The GCC and Iraq’s economies will remain primarily reliant on oil and gas well into the next decade, said a new report by S&P Global Ratings, noting that they must accelerate diversification to counter oil price decline.
With global hydrocarbon demand yet to peak and GCC countries still holding many decades in reserve, their emissions could still rise very significantly compared with 2015 levels – even if they meet their Paris Agreement targets, according to the report titled “The Energy Transition: The Clock Is Ticking For Middle East Hydrocarbon Exporters”.
Key takeaways from the report:
Hydrocarbons contribute an average of 40 per cent to the GDP of the GCC and Iraq, or about 81 per cent of central government revenues. The GCC’s greenhouse gas emissions are among the highest globally at 27.2 tons per capita. The per capita average for the EU and North America is 7.6 tons and 16.3 tons, respectively.
GCC economies have somewhat diversified away from oil since 2012, partly due to lower oil prices. Average central government revenue at end-2018 was 25 per cent below 2012 levels, while non-oil revenues increased by 81 per cent on average. In the private sector, S&P expects the non-oil share in GGC and Iraq’s real GDP to average of 36.8 per cent in 2022, up from 29.2 per cent in 2012.
The GCC is starting to view renewable energy, particularly solar, as a significant diversification opportunity, partly due to the region’s high solar radiation levels and number of sunlight hours. The International Renewable Energy Agency (IRENA) believes that the GCC can reduce both fossil fuel consumption in the power sector by 354 million barrels of oil-equivalent and emissions by 136 million tons of CO2, as well as create over 220,000 new jobs by achieving their renewable deployment targets by 2030,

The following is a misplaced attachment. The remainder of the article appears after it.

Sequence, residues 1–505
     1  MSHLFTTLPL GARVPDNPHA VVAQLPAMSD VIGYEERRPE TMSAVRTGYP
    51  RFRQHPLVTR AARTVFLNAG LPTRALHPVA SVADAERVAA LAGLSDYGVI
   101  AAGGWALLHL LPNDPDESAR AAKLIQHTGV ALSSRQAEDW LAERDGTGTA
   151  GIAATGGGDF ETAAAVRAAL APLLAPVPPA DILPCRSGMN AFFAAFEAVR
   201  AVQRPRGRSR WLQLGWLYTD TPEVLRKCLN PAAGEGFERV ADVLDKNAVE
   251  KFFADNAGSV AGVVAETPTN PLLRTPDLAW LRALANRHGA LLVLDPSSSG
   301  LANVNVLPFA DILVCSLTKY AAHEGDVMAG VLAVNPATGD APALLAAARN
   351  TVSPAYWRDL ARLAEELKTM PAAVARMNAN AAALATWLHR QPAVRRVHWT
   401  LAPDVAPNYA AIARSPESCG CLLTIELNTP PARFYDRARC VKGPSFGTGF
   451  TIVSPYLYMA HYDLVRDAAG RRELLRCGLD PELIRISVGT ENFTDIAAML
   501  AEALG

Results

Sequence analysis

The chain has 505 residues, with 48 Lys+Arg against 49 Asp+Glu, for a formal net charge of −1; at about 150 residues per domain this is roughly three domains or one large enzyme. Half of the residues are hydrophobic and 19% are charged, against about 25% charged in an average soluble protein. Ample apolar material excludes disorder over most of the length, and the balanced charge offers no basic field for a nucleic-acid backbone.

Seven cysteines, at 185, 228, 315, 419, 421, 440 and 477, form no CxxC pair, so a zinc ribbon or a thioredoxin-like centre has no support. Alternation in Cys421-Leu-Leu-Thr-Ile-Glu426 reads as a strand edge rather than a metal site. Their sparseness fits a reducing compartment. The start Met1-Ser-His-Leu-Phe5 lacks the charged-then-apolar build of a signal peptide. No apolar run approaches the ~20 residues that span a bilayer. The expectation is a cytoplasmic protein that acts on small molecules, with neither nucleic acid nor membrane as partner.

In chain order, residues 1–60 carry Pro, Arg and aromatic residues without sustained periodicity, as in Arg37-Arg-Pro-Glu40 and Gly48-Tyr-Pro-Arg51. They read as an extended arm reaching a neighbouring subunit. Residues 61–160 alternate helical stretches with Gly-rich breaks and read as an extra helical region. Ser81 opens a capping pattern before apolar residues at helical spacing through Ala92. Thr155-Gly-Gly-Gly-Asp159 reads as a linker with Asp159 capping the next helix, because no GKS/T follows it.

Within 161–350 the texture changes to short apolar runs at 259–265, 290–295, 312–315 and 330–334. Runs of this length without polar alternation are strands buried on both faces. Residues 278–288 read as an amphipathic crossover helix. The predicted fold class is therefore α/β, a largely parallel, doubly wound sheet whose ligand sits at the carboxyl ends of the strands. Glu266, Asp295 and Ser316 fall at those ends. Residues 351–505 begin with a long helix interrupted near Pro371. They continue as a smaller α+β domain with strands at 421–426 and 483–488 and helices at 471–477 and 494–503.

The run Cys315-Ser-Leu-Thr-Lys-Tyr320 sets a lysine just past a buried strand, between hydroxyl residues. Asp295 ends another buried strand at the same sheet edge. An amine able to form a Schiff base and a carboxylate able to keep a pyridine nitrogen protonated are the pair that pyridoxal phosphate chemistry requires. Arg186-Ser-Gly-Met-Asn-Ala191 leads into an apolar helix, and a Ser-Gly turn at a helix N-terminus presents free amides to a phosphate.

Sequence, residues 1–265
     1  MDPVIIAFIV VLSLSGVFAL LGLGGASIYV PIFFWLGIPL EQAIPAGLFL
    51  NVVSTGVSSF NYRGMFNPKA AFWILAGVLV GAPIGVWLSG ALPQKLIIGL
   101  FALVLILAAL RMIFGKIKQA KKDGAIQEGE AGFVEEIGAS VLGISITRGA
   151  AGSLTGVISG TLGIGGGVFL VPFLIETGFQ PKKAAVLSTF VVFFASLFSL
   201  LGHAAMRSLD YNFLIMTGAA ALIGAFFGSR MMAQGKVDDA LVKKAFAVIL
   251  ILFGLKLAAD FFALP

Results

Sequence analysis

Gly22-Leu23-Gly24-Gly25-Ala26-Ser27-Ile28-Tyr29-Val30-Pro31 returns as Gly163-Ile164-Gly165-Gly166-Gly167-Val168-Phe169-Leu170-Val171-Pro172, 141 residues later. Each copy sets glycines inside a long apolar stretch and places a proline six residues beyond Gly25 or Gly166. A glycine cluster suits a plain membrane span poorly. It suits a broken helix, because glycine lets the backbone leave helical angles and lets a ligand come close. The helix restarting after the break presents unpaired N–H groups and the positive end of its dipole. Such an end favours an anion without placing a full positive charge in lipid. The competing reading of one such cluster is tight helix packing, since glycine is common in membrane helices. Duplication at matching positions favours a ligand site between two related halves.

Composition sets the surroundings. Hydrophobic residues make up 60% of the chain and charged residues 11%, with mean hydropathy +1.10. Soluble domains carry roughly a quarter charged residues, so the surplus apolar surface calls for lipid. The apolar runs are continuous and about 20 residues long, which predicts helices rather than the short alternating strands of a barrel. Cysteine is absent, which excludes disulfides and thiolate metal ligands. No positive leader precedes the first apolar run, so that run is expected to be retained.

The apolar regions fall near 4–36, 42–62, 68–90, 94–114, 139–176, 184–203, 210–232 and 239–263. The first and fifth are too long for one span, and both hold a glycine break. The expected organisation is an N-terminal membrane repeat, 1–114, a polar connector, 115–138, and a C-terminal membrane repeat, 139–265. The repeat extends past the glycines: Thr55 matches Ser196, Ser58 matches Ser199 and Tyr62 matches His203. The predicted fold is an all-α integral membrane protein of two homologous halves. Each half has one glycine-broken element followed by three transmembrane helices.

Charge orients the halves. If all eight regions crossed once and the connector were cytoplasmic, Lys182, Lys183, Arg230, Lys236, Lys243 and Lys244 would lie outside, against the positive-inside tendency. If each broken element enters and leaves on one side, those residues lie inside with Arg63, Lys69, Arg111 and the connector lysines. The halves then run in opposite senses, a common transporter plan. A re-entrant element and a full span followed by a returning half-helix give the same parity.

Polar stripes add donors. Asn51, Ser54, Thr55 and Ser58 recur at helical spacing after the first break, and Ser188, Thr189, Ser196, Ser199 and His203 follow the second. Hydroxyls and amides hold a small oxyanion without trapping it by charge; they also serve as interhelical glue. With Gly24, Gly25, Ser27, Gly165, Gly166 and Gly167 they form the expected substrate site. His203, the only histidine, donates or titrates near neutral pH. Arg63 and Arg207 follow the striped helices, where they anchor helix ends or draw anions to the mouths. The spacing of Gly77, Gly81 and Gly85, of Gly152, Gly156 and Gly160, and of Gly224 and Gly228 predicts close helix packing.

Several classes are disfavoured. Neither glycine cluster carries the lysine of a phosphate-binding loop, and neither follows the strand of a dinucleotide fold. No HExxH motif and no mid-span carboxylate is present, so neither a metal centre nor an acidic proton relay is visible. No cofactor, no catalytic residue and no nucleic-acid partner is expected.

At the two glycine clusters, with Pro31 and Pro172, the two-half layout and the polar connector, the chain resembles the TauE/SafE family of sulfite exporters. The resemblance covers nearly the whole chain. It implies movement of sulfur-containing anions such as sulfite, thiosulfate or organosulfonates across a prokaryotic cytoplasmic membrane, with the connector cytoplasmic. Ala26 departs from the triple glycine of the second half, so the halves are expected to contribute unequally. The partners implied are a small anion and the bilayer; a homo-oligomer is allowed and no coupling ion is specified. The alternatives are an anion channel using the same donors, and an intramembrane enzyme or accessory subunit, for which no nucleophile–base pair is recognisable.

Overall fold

However, the current pace diversification is insufficient to counter the decline in oil prices. S&P’s hypothetical long-run stress test of oil price declining to below $40 by 2040 suggests that the average rating of a Gulf sovereign could fall by two notches from ‘BBB+’ to ‘BBB-’ (although this is not S&P’s base case scenario).
Even if the GCC meets these targets and reduces domestic fossil fuel consumption, S&P believes that hydrocarbon exports will remain the main funding source for regional investment, which S&P considers in its sovereign ratings. – TradeArabia News Service